Potential Vision Problems, and How to Lower Your Risk

July 31, 2012
Eye Health

Recoginzing your risk factors and simple lifestyle changes can preserve your eye health as you age.

Have you ever wondered about different types of vision problems, and how to lower your risk of developing them?  Here are four fairly common vision problems that anyone can run into, and how to recognize the signs, according to Eye Care Magazine.
Age Related Macular Degeneration describes damage to the macula, which is the center of the retina, which results in poor central vision.  Central vision is what you need to see objects clearly, and perform basic everyday activities such as reading and driving.  Because this has the potential to effect such a large portion of a person’s life, it is important to try and prevent its onset.  Things such as advanced age, smoking, untreated medical conditions (high blood pressure, diabetes, obesity), and a family history of AMD are all risk factors.  The best way to lower your risk in this case is to quit smoking, and to see your health care provider every year to assess any health concerns you may have.
Cataracts form when the lens of your eyes becomes cloudy, which then causes blurred vision.  Adults age fifty and above are at risk for cataracts, and also individuals who smoke, have high cholesterol, diabetes, or prior eye traumas are at a greater risk for developing cataracts.  Also, spending too much time in the sun can later cause cataracts to form.  The best way to lower your risk, is to stop smoking if you do smoke, wear sunglasses, and eat an antioxidant rich diet.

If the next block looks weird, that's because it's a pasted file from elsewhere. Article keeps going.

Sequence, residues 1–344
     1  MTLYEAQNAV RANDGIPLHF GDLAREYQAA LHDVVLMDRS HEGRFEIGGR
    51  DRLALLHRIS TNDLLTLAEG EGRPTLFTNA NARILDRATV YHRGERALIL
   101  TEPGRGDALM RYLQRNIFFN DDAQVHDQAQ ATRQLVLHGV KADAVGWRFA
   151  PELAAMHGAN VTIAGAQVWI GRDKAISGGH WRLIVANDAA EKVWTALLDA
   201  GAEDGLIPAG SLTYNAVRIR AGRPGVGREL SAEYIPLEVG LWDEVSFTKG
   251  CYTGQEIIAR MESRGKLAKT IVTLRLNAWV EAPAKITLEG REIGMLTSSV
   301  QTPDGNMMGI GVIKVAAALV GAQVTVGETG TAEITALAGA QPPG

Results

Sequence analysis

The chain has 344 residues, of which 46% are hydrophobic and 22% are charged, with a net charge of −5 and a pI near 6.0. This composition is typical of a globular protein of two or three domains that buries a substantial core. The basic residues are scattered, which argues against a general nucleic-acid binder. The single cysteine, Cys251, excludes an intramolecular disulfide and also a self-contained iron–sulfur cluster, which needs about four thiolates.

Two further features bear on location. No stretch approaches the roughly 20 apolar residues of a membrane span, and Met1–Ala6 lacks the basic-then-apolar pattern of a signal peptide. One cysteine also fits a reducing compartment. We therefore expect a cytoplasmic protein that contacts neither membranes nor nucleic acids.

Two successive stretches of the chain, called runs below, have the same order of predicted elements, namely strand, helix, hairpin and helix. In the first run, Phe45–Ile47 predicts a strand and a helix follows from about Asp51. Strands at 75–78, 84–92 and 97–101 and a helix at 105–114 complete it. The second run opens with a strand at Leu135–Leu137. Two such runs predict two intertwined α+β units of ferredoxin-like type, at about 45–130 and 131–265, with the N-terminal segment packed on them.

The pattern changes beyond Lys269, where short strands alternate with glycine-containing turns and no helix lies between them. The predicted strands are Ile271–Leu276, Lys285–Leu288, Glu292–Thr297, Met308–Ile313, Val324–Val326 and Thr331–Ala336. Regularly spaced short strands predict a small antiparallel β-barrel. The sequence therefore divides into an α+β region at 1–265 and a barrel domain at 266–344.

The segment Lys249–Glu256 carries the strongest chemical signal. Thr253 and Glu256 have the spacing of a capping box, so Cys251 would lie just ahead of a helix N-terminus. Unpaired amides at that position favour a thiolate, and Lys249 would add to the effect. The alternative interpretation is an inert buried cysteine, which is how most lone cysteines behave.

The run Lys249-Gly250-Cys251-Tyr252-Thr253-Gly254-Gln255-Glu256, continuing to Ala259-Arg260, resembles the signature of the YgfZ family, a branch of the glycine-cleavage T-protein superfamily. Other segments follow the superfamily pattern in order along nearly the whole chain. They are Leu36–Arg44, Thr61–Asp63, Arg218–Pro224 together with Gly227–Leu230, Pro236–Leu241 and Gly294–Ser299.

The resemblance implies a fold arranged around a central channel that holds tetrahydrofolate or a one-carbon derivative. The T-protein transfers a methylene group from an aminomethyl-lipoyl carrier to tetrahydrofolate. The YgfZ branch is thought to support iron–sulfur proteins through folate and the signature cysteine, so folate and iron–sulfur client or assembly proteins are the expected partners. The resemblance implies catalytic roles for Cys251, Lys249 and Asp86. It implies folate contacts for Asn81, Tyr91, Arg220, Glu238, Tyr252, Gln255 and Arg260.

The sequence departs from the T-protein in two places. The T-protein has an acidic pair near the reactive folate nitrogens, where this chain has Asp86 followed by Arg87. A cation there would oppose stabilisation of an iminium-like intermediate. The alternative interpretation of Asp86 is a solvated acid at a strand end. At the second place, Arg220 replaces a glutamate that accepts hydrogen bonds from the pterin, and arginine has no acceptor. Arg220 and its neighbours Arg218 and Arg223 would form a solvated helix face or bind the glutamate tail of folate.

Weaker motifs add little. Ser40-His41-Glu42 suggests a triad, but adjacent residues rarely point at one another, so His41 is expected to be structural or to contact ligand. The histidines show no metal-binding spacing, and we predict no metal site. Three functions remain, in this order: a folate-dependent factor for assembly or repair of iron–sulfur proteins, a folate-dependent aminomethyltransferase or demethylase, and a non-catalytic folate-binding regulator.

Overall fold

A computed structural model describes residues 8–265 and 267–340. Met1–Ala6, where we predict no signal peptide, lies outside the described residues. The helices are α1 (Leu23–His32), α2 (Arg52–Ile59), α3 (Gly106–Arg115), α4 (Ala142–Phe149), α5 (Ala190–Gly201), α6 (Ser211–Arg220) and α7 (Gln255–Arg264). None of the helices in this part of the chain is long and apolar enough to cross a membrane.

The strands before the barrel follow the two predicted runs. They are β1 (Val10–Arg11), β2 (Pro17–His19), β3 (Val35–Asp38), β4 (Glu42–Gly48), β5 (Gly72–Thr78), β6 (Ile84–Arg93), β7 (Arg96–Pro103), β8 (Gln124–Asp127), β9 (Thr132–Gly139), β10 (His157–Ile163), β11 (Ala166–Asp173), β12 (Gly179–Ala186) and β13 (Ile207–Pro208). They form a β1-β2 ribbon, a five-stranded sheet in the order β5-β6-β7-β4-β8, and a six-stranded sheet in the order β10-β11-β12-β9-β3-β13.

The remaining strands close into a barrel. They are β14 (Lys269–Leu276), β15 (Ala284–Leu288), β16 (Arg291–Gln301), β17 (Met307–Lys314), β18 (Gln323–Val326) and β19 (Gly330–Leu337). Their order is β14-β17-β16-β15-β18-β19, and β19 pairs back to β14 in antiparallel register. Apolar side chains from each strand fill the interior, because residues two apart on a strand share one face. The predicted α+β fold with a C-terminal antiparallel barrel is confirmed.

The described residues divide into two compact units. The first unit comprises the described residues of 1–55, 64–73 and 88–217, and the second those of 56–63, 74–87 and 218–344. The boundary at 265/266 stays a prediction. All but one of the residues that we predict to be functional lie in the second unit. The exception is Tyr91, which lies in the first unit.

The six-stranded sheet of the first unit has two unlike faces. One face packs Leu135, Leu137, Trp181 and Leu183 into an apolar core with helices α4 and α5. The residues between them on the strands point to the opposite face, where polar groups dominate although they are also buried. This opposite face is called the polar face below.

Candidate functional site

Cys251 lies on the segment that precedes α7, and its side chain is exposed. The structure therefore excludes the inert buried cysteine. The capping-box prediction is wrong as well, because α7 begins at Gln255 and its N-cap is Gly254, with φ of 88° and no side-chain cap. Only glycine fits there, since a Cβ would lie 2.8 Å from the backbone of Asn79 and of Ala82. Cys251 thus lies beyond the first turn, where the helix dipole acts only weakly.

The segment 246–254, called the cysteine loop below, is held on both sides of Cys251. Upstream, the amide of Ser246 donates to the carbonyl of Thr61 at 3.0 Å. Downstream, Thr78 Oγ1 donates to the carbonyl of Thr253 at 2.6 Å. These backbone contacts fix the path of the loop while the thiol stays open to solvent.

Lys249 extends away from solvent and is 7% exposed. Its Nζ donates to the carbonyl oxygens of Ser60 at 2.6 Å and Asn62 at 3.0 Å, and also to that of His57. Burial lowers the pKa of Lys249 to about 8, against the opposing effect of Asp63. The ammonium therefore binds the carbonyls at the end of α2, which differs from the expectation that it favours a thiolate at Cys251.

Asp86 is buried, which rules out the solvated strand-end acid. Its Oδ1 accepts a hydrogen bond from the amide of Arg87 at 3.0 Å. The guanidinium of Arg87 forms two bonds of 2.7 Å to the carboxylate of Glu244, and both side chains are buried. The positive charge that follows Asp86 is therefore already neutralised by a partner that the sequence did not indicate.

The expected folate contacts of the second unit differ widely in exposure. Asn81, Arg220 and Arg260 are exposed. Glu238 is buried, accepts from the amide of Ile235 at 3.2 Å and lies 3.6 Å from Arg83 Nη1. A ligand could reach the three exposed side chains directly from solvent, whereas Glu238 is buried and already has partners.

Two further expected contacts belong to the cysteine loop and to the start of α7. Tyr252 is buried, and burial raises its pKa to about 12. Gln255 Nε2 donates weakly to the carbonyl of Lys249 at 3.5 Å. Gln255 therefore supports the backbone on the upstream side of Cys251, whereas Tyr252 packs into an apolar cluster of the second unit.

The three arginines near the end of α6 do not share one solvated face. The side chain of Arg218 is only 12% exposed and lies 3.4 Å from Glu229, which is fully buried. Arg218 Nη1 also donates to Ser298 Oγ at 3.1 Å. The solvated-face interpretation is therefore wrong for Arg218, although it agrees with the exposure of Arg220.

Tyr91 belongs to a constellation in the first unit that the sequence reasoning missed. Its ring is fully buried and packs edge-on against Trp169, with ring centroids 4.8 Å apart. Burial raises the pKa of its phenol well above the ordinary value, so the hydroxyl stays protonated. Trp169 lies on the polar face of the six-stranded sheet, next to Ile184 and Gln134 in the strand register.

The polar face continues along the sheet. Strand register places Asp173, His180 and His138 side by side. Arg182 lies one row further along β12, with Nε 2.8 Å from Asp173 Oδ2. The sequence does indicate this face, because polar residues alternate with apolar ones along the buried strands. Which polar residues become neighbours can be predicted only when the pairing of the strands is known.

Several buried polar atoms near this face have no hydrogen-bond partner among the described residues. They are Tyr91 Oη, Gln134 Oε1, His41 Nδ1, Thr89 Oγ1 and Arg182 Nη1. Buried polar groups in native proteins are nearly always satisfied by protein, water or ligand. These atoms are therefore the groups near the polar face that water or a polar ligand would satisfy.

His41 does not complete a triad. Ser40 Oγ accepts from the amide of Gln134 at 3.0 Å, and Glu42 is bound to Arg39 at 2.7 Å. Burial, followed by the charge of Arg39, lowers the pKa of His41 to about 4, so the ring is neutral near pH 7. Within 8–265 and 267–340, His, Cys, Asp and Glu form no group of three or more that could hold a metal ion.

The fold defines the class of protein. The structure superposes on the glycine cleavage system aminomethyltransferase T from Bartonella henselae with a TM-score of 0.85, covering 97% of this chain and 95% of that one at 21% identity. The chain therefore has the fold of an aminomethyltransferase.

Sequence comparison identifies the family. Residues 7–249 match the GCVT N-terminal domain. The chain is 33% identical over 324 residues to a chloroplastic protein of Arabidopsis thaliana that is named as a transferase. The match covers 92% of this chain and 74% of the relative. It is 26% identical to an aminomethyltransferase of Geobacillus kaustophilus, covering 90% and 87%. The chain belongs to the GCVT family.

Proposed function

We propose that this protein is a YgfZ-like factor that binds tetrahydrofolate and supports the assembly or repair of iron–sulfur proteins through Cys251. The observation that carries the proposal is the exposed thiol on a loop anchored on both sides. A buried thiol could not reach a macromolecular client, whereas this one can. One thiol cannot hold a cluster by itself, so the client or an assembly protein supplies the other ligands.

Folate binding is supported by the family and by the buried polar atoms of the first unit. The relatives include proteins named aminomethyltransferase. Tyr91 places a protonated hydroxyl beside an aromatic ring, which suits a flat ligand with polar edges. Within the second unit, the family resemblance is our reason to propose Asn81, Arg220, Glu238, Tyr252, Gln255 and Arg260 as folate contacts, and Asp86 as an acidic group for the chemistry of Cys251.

Glaucoma is a chronic condition, where a damaged optic nerve results in vision loss.  Adults over age 60, and African Americans over age 40 are at risk for developing Glaucoma.  Also, people with a family history of glaucoma, people who have high blood pressure or blood sugar, or a prior eye injury are at a heightened risk.  The best way to lower your risk of developing glaucoma is to get an annual eye exam, and also to keep both your blood sugar and your blood pressure at healthy levels.
Diabetic Retinopathy occurs when high levels of blood sugar damage blood vessels in the retina, which is the tissue in the back of the eye that sends light signals to the brain.  People with type one and type two diabetes are at risk for developing Diabetic Retinopathy, whether they are diagnosed or undiagnosed.  The best way to lower your risk is to carefully monitor and control your blood sugar levels if you are diabetic.  If you are not diabetic, make sure to talk to your health care provider about testing your blood sugar at your annual checkup.
By following these tips to reduce your risk of developing these vision problems, your eyes will be on their way to great and sustained health for the rest of your life!